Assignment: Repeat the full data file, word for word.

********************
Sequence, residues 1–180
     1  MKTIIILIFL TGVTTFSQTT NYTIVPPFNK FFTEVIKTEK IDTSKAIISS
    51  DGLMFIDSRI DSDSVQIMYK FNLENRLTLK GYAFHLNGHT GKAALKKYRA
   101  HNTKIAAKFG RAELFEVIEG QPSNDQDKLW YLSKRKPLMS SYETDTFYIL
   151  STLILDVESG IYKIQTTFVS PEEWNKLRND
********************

Sequence, residues 1–180
     1  MKTIIILIFL TGVTTFSQTT NYTIVPPFNK FFTEVIKTEK IDTSKAIISS
    51  DGLMFIDSRI DSDSVQIMYK FNLENRLTLK GYAFHLNGHT GKAALKKYRA
   101  HNTKIAAKFG RAELFEVIEG QPSNDQDKLW YLSKRKPLMS SYETDTFYIL
   151  STLILDVESG IYKIQTTFVS PEEWNKLRND